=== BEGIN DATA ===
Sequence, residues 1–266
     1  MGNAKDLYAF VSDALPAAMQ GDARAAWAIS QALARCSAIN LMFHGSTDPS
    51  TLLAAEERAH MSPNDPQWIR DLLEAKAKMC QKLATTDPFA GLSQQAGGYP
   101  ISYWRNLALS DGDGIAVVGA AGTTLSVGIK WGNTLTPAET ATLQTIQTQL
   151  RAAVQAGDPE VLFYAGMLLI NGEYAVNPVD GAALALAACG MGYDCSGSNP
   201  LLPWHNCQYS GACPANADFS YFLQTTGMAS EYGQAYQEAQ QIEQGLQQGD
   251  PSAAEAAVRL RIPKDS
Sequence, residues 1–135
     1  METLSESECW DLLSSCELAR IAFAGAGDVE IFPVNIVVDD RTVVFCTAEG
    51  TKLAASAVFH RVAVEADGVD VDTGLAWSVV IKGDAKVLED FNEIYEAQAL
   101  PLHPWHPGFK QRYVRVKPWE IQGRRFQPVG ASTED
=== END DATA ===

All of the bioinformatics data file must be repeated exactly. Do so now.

Sequence, residues 1–266
     1  MGNAKDLYAF VSDALPAAMQ GDARAAWAIS QALARCSAIN LMFHGSTDPS
    51  TLLAAEERAH MSPNDPQWIR DLLEAKAKMC QKLATTDPFA GLSQQAGGYP
   101  ISYWRNLALS DGDGIAVVGA AGTTLSVGIK WGNTLTPAET ATLQTIQTQL
   151  RAAVQAGDPE VLFYAGMLLI NGEYAVNPVD GAALALAACG MGYDCSGSNP
   201  LLPWHNCQYS GACPANADFS YFLQTTGMAS EYGQAYQEAQ QIEQGLQQGD
   251  PSAAEAAVRL RIPKDS
Sequence, residues 1–135
     1  METLSESECW DLLSSCELAR IAFAGAGDVE IFPVNIVVDD RTVVFCTAEG
    51  TKLAASAVFH RVAVEADGVD VDTGLAWSVV IKGDAKVLED FNEIYEAQAL
   101  PLHPWHPGFK QRYVRVKPWE IQGRRFQPVG ASTED